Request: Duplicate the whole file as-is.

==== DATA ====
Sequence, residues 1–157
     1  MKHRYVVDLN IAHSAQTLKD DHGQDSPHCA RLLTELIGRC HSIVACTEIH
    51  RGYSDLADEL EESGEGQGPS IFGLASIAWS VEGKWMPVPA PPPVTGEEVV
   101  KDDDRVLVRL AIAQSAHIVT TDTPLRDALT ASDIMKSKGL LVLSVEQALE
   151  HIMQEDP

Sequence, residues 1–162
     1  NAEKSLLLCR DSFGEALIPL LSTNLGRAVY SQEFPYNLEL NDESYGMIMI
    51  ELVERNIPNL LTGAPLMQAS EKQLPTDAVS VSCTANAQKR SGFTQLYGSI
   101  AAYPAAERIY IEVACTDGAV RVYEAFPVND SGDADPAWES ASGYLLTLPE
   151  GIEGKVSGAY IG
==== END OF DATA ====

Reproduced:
Sequence, residues 1–157
     1  MKHRYVVDLN IAHSAQTLKD DHGQDSPHCA RLLTELIGRC HSIVACTEIH
    51  RGYSDLADEL EESGEGQGPS IFGLASIAWS VEGKWMPVPA PPPVTGEEVV
   101  KDDDRVLVRL AIAQSAHIVT TDTPLRDALT ASDIMKSKGL LVLSVEQALE
   151  HIMQEDP

Sequence, residues 1–162
     1  NAEKSLLLCR DSFGEALIPL LSTNLGRAVY SQEFPYNLEL NDESYGMIMI
    51  ELVERNIPNL LTGAPLMQAS EKQLPTDAVS VSCTANAQKR SGFTQLYGSI
   101  AAYPAAERIY IEVACTDGAV RVYEAFPVND SGDADPAWES ASGYLLTLPE
   151  GIEGKVSGAY IG